Sometimes it’s easy to take hometown heroes for granted. In Jamey Aebersold’s case, there is cause for new appreciation, because the National Endowment for the Arts has named him a 2014 Jazz Master. As noted on its site, “The NEA Jazz Masters Fellowship is the highest honor that our nation bestows on jazz artists. Each year since 1982, the program has elevated to its ranks a select number of living legends who have made exceptional contributions to the advancement of jazz.” The other 2014 recipients are Anthony Braxton, Keith Jarrett and Richard Davis.
Aebersold, a New Albany native and resident, is internationally known and respected for his work as a jazz educator. The University of Louisville School of Music has been the home of the Jamey Aebersold Jazz Studies Program since 1985, offering both bachelor’s and master’s degree programs.
Aebersold responded with a laugh to the question, “Why jazz?”
“My piano teacher fired me, and I made the natural switch to tenor banjo,” he says. “I started playing alto sax in about the sixth grade. Somewhere I saw something that said, ‘Jazz is the coming thing,’ and I bought a couple of jazz records … I have about 14-15,000 now.”
Aebersold thought he would study classical music, because there was no jazz in college. “I’d practice my classical a little bit, then mess around with jazz a whole lot. Jazz always intrigued me; there’s no comparison to any other kind of music. I couldn’t figure out what they were doing or how they were doing it.”
Back then, there was very little formal jazz education; much of the learning was through apprenticeships with older jazz musicians. Aebersold looks back to his early days, remembering driving to clubs in Louisville’s West End at first to listen, then to play alongside the musicians “… at places like The Shack, The Topaz, 118 Washington West … meeting musicians like Boogie Morton, Ray Johnson, Don Murray, Dave and Gene Klingman.”
“It took jazz education a long time to get going,” he continues. “I guess the fact that I knew nothing made me a good person to get in on it, because I started at the ground floor. I didn’t understand how (jazz players) could improvise so fast — where was it coming from?” Aebersold started taking lessons from Indianapolis cellist (and 2000 NEA Jazz Master) David Baker.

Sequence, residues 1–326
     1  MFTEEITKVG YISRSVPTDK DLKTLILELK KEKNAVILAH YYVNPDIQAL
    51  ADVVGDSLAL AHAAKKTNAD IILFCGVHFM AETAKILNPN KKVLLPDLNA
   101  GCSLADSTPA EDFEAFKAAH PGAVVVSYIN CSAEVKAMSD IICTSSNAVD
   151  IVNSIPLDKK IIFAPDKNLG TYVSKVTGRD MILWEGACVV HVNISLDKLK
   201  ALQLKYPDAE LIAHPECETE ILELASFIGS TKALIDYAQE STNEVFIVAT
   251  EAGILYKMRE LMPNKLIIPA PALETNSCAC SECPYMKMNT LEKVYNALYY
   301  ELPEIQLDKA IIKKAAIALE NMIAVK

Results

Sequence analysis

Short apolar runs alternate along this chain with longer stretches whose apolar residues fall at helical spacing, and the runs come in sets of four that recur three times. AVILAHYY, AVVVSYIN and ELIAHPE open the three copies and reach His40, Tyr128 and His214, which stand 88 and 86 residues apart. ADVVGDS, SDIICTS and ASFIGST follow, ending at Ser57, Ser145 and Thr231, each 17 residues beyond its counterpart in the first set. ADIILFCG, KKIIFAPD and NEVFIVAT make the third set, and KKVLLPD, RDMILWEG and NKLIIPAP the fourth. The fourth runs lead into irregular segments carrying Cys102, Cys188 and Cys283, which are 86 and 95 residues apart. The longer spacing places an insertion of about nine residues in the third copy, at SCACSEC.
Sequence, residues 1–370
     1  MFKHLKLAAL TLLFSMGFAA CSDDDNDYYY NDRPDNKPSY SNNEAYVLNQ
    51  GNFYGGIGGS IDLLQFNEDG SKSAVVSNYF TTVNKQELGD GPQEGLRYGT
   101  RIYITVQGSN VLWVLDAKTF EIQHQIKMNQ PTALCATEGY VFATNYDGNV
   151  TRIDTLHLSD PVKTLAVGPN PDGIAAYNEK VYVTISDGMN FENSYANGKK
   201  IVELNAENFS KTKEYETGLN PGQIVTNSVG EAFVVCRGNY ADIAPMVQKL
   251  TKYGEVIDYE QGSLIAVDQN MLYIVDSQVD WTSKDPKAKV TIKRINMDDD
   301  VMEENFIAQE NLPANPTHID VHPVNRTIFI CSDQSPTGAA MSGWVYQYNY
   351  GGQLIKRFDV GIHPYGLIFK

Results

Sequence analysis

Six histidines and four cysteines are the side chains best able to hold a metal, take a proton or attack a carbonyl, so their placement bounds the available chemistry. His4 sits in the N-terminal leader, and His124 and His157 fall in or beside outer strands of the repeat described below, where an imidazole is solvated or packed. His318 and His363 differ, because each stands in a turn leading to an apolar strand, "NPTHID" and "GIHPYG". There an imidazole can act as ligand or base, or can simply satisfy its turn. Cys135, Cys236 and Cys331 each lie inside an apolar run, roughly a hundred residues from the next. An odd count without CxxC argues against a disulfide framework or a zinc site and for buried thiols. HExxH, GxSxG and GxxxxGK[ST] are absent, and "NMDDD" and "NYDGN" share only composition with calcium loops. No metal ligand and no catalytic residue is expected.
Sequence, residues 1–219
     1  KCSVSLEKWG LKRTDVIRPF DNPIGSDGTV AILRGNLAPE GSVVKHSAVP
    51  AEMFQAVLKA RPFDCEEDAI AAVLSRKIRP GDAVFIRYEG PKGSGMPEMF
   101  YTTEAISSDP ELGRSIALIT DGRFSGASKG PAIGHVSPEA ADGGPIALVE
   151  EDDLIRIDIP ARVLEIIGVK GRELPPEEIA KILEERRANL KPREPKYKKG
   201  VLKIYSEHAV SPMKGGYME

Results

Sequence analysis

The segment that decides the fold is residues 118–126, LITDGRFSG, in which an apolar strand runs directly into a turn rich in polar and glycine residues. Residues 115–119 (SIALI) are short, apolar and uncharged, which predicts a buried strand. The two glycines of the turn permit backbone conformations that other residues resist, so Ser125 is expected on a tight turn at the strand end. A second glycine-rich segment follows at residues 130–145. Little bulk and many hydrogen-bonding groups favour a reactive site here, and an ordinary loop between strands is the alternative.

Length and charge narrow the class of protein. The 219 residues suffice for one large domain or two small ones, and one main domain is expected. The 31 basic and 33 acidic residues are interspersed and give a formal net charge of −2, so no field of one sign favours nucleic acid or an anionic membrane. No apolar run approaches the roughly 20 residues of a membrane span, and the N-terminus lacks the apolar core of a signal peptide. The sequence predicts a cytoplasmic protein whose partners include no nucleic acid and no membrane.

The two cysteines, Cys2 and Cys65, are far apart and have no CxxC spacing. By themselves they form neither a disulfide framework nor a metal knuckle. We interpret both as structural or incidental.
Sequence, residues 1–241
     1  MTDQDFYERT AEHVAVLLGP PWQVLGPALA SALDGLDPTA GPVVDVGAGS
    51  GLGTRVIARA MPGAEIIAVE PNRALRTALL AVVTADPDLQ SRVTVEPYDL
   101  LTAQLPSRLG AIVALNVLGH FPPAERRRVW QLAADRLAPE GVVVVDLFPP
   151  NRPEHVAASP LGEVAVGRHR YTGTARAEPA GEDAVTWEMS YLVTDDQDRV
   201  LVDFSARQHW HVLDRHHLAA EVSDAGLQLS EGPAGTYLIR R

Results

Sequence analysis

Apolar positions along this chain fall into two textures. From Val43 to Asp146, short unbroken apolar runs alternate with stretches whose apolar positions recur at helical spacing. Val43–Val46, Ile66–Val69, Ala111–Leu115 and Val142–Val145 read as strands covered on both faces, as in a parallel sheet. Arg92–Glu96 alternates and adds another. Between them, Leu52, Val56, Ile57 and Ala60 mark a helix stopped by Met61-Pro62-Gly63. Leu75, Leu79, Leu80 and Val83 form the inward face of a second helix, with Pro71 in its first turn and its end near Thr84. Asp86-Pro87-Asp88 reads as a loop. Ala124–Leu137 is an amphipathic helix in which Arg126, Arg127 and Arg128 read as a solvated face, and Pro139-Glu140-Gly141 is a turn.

After Aebersold began teaching, he started the now-227-item series of Play-A-Long recordings, allowing musicians to practice improvising with music specifically recorded for that purpose. He has published many instructional books and has conducted more than four decades’ worth of annual Summer Jazz Workshops, offering instruction to students at all levels. Aebersold is passionate about playing for nonprofit groups and schools, paying his musicians to accompany him to spread the word.
World-renowned saxophonist Dave Liebman, a 2011 NEA Jazz Master, says, “Even beyond the NEA award, Jamey deserves the Presidential Medal of Freedom for contributions to American culture. Through his untiring labor, he has spread jazz worldwide. Jamey truly believes in the values and virtues inherent in this great music. He is completely dedicated to the cause, and because of his work, thousands, if not millions, of people have come to realize jazz in their life.”
Michael Tracy, director of the Aebersold Jazz Studies Program, notes, “I have had the pleasure of knowing, learning from and working with Jamey for over 43 years. Jamey is tireless in his commitment to helping everyone find that creative spark that resides in each of us. He has been a crusader for reaching out to the young and old, the novice and accomplished, no one is excluded. He sees no boundaries and strives to do all he can to bring out the best in people.
“I am convinced that Jamey would have been successful in anything he chose to do, (but) he chose music — or maybe music chose him. Like to many, he has been my musical father, someone to turn to as an example musically, educationally and as a person of integrity.”
Chris Clark, a 2012 graduate and now adjunct professor of music at West Virginia State University, adds, “Jazz and music education owe him a great debt of gratitude. Seeing him play regularly was a real treat, and he was always eager to help young musicians. Performing with him at the 2012 Jazz Education Network conference was a great experience.”